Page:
A Community-Centered Approach to Air Quality Assessment
May 25, 2023
By Elyse DeFranco
Researchers from DRI and UNLV teamed up with a Las Vegas community concerned about a neighboring asphalt plant to measure their air quality
For communities living with industrial plants and factories nearby, how can they verify that the air they are breathing is safe? For one Las Vegas community, the answer was to turn to researchers at DRI and the University of Nevada, Las Vegas, to help them measure their air quality and determine how their air is impacted by emissions from a nearby asphalt plant. The research team was led by Lung-Wen Antony Chen, Ph.D., associate research professor at both DRI and UNLV, who is also Director of the UNLV Urban Air Quality Lab.
Chen and his team published their findings April 10 in the journal Atmospheric Environment. The study used inexpensive air quality sensors placed strategically around Las Vegas’ Spring Valley High School to measure overall air quality and untangle how much, and when, the neighboring asphalt plant influenced particulate air pollution — namely PM2.5 and PM10. The researchers found that although the school’s air pollution never exceeded EPA limits, asphalt plant emissions contributed to PM2.5 and PM10 by as much as 28% and 50%, respectively, in a single day. Wind speed and direction had a large impact on how and when the plant’s emissions wafted toward the school. The researchers say the study can act as an example for one way that communities can address air quality and environmental justice concerns.
Below is a Q&A with Dr. Chen about the research, which has been lightly edited for clarity and length.
DRI: What inspired this study?
Chen: In 2017, I got a phone call from a community member living at the Lantern Garden apartment complex just east of this asphalt plant. He said a lot of community members were concerned about the dust and fumes generated by the plant, because they could see the dust buildup and accumulate in their yards. They wondered if there was any health effect from this facility. They had shared their concerns with the Clark County Air Quality Department, who said they didn’t need to be concerned because air quality standards weren’t being exceeded. However, the community wasn’t convinced because they could feel the dust every day.
Spring Valley High School is also right next to the asphalt plant, and it has 2,500 students. The school was also concerned because the plant got a major contract from the city around this time to supply the asphalt and other construction materials for a major highway expansion project in Las Vegas, so they were scaling up their operations.
From my point of view, the first thing we needed to do was to set up a monitoring program to evaluate the contribution of the facility to the local community as best we could. Of course, being in the desert, dust is always blowing in from all over, so we needed to design a way to measure this rigorously. This would help the community understand their local air quality better, as the closest monitoring station run by the Air Quality Department is 2 or 3 kilometers away.
A satellite image showing the Wells Cargo asphalt plant in Las Vegas, with Spring Valley High School and neighboring communities impacted by the plant’s emissions when they are downwind. Credit: Roy et al., 2023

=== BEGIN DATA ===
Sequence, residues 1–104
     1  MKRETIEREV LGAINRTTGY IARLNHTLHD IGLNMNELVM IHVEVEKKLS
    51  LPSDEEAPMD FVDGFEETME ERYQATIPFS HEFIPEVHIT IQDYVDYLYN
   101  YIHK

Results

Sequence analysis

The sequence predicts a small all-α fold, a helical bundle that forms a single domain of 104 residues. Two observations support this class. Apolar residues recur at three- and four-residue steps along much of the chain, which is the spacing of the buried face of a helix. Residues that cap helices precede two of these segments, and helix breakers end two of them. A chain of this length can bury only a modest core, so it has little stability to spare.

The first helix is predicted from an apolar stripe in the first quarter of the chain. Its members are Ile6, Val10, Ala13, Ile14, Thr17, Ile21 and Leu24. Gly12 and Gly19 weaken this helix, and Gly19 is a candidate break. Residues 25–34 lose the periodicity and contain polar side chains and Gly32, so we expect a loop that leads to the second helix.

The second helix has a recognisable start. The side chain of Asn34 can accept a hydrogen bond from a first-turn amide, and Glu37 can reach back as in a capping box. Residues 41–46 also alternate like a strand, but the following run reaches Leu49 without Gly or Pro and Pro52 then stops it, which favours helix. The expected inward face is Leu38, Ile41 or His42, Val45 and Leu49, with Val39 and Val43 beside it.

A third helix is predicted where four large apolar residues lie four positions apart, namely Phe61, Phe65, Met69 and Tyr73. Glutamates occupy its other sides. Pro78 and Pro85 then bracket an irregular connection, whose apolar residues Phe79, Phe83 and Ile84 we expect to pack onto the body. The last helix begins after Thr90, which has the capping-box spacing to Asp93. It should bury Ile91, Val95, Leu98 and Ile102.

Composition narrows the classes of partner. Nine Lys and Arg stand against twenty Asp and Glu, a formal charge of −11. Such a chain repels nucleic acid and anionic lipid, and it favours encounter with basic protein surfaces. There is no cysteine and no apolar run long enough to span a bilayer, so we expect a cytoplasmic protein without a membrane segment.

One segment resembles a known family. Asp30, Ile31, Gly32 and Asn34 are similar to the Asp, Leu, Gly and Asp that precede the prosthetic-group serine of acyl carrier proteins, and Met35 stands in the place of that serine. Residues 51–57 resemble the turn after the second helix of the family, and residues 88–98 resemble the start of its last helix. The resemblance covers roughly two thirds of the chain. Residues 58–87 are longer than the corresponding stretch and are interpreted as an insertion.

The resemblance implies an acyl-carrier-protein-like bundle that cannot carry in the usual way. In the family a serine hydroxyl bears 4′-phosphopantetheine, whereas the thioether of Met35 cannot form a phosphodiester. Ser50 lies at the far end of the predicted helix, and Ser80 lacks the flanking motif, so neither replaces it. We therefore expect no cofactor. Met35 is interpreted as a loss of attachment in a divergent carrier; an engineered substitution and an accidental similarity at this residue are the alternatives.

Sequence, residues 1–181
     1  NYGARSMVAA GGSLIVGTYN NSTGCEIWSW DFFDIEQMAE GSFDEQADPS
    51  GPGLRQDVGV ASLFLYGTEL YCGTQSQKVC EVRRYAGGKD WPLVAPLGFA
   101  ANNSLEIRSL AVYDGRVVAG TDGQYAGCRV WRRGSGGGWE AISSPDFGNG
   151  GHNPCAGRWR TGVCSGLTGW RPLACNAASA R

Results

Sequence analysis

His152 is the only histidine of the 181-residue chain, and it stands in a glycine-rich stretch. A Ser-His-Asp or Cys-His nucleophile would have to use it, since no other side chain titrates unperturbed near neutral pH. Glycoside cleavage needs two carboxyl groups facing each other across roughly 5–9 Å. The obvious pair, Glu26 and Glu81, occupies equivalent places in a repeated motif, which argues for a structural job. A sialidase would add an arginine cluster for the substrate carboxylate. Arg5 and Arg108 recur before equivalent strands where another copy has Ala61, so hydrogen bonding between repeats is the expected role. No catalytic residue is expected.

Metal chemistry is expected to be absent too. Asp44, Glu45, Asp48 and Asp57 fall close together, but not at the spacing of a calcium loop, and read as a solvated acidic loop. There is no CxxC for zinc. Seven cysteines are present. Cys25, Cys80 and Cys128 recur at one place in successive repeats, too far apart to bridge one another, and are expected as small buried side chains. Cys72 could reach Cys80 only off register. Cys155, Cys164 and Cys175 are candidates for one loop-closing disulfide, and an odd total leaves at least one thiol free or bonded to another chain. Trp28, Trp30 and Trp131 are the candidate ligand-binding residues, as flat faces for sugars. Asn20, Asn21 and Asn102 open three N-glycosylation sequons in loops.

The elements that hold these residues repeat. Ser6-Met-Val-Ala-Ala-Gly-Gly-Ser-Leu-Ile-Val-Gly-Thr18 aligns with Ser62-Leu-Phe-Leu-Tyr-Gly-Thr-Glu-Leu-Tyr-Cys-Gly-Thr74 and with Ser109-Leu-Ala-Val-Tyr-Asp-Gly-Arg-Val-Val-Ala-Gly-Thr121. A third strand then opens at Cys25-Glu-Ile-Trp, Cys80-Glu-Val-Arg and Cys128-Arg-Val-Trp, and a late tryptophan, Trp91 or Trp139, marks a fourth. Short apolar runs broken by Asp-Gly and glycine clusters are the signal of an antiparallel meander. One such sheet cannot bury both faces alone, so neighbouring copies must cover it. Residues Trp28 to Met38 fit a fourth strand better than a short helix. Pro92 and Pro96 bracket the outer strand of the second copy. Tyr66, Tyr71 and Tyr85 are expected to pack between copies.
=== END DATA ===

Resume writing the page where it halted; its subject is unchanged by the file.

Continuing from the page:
DRI: How did you design the air quality monitoring program to sift out emissions directly tied to the asphalt plant?
Chen: We did a pilot study for two weeks and then decided to work with the community to set up two sites, one downwind of the asphalt plant and one upwind of the plant. The upwind site was not really impacted by the facility, and the downwind site was. So, by looking at the difference between the two sites and the wind direction, we could determine the contributions from the asphalt plant. The two sites were less than 1 kilometer from each other, so their background levels of pollution were identical. We also conducted dispersion modeling to relate dust emissions with contributions under different wind speeds and directions.
We talked to the school, and they were happy to let us set up our monitoring station on their rooftop, and another community member helped us set up the other site. We had the air quality sensors in place from March through August 2019, so we could measure air quality over different seasons, wind speeds, and wind directions. We collected data every five minutes over this period, including the PM2.5 and PM10 concentrations.
Interestingly, right after we started our monitoring, the asphalt plant did a few things that seemed to improve their operation. They started covering up some of their piles, watering more to reduce dust emissions, and built a large wall around the facility. That could help prevent dust from being transported downwind.
I could say that even before we reported our results, we had already helped improve conditions for the community because the plant felt pressured to do something.
DRI: Why is it important to measure PM2.5 and PM10?
Chen: You can have different types of health outcomes from PM2.5 and PM10. PM2.5 is more likely to penetrate deeper into the respiratory tract, where it can cause lung diseases, whereas PM10 is more likely to stay in the upper airway.
Satellite imagery of the Wells Cargo asphalt plant and surrounding area, with wind speed directions highlighted. Credit: Roy et al., 2023